Wednesday, May 13, 2009

“A Happy Love”
Wislawa Szymborska
1923- Polish
translated by Magnus J. Krynski and Robert A. Maguire

A happy love. Is it normal,
is it serious, is it profitable --
what use to the world are two people
who have no eyes for the world?

Elevated each for each, for no apparent merit,
by sheer chance singled out of a million, yet convinced
it had to be so -- as reward for what? for nothing;
the light shines from nowhere --
why just on them, and not on others?
Is this an offense to justice? Yes.
Does it violate time-honored principles, does it cast
any moral down from the heights? It violates and casts down.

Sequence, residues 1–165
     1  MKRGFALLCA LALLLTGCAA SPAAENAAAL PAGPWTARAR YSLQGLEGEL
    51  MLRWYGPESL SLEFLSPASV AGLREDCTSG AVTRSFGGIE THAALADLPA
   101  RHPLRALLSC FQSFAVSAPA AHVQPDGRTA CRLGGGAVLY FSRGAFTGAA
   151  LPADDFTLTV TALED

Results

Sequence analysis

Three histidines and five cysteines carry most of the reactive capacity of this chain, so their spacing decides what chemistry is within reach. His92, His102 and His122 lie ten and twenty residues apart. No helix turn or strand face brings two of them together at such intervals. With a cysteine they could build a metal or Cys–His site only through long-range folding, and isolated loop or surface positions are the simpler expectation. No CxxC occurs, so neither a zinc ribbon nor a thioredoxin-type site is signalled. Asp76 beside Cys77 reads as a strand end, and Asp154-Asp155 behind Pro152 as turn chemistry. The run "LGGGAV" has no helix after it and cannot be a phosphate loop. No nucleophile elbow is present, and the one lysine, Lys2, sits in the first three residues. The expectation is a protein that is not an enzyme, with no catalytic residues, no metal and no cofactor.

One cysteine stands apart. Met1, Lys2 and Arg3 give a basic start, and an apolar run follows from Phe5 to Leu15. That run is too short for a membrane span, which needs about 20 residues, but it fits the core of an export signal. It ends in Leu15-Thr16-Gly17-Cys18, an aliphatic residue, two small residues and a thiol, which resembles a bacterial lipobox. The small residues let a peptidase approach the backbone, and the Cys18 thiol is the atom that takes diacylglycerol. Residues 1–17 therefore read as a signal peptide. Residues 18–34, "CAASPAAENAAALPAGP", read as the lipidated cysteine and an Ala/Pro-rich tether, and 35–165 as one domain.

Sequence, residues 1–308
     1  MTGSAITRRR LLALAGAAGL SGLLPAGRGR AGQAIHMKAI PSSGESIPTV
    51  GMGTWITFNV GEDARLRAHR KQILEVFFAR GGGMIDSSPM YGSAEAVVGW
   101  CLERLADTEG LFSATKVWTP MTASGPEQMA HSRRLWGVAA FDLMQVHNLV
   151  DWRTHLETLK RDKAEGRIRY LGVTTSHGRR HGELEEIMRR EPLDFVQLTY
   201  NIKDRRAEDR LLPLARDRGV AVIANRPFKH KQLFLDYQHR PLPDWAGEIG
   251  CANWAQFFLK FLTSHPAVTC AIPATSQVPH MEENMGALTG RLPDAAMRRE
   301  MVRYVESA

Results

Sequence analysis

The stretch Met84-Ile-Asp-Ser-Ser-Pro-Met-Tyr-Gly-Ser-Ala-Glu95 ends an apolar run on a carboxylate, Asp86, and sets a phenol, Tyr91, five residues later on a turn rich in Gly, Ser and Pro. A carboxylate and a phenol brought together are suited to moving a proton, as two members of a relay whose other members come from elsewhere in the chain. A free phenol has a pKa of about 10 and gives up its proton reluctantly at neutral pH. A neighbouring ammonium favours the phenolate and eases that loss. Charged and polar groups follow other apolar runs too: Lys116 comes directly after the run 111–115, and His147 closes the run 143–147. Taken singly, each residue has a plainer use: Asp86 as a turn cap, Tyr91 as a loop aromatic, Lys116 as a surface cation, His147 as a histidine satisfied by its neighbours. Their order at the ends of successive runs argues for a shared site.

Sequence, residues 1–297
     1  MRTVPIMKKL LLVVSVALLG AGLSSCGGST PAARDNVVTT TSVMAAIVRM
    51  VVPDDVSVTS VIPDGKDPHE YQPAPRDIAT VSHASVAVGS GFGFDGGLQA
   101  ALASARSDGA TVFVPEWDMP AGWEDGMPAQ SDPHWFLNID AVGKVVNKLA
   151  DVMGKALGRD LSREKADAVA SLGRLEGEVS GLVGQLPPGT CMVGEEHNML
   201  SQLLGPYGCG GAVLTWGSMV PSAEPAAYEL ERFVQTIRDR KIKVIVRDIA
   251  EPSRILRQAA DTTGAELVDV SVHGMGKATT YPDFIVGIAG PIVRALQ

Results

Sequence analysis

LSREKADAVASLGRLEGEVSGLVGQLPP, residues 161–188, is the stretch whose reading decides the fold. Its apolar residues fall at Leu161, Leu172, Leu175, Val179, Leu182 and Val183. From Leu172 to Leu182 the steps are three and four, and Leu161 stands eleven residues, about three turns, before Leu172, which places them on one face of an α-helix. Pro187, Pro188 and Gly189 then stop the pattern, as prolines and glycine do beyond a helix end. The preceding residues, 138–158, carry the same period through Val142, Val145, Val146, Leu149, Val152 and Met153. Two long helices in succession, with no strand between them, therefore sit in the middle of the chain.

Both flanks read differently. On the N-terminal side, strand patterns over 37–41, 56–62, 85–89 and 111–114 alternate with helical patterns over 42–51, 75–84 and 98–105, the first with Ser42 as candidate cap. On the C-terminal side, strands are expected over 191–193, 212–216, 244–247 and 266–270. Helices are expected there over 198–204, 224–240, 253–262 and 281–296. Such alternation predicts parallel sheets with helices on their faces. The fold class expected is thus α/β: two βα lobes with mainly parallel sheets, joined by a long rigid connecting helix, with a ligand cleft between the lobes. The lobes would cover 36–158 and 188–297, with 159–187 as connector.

Look at the happy couple:
if they'd at least dissemble a bit,
feign depression and thereby cheer their friends!
Hear how they laugh -- offensively.
And the language they speak -- it only seems to make sense.
And all those ceremonials, ceremonies,
those elaborate obligations toward each other --
it all looks like a plot behind mankind's back!

It's even hard to foresee how far things might go
if their example could be followed.
What could religions and poetries rely on,
what would be remembered, what abandoned,
who would want to keep within the bounds.

A happy love. Is it necessary?
Tact and common sense advise us to say no more of it
than of a scandal in Life's upper ranks.
Little cherubs get born without its help.
Never, ever could it populate the earth,
for it happens so seldom.

Let people who know naught of happy love
assert that nowhere is there a happy love.

With such faith, they would find it easier to live and to die.

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